It is widely accepted the the rise of streaming music services like Pandora and Spotify are somehow the inevitable conclusion in the evolution of digital music on the internet in a continuum that followed Napster and Bittorrent and iTunes. This logic assumes and proclaims that ‘downloads are dead’ because streaming provides an answer to the music piracy problem and also provides the best convenience and utility for users.

However, its not all roses, and its not quite that simple. Many Artists are outraged at the very low royalties that these services pay and, looking deeper, at the underlying situation it is clear that these services are not profitable but continue operation, with major record labels as shareholders, based on the promise of profitable IPO exits, or just to maintain their status quo.

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As Ethan Varian explained in his article ‘Spotify’s Mysterious Royalty System Explained’ on performermag.com

The first thing to know about Spotify’s business model is that artists and rights holders are NOT paid out on a “per play” basis. Instead, royalties are distributed based on an artist’s “market share” of the total amount of streams on Spotify over a given month.

This effectively means that the larger acts that are more popular will always take the larger share of royalties squeezing out the smaller less well known artists. In this way, the model tends to perpetuate the existing power structures in the music industry and also not facilitate less well known Artists to break through.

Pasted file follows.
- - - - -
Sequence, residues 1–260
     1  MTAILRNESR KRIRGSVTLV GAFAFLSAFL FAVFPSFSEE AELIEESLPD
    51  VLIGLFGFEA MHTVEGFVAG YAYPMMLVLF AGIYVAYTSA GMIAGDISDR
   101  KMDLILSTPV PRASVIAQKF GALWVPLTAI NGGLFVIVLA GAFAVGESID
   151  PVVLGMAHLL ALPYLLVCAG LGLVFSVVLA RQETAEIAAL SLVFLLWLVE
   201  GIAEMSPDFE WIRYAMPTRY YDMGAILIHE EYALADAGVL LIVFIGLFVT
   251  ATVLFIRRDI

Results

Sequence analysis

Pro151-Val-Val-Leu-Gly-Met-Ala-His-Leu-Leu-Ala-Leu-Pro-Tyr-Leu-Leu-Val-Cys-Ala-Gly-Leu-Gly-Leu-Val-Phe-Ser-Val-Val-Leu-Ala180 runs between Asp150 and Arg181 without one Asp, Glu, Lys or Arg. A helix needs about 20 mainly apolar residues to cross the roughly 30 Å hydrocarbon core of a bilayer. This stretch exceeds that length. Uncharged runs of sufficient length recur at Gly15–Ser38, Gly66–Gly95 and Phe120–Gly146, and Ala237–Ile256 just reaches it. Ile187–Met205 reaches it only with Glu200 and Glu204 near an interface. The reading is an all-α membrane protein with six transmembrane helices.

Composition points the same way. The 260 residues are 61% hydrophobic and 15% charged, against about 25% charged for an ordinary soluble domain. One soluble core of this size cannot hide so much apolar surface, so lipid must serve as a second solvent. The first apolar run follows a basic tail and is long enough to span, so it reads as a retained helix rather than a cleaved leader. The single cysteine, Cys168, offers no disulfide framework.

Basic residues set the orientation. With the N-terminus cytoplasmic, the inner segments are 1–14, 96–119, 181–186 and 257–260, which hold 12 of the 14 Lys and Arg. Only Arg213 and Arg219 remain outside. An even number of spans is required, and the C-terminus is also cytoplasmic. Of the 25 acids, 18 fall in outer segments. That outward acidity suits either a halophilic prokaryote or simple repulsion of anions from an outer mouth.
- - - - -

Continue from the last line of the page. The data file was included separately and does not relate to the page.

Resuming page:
We believe that these new streaming services

  • don’t provide fair returns for Artists
  • don’t effectively deal with or represent the massive amount of music being produced globally
  • are constrained by rights and territory agreements that disadvantage Artists
  • perpetuate the large monopolies of the major record labels
  • have failed to extend on the promise and potential that P2P systems offered

What is Bittunes intending to do and how are we going about it?

We are wanting to make a platform that significantly changes the status quo in the music industry and, quite simply you cannot do this over night. To create a system that has the potential to cause real disruption we needed to prove principle of our concept and then to build strategic alliances with key ‘friendly’ players in the independent music sector to be able to offer a viable alternative distribution system that incentivises the Artists that make the music and the fans that buy and distribute that music.

This represents a completely new paradigm for how music is distributed, and if successful, could be highly disruptive. So, it is very important for us to move carefully and in line with a ‘disruptive strategy’. This is our current focus.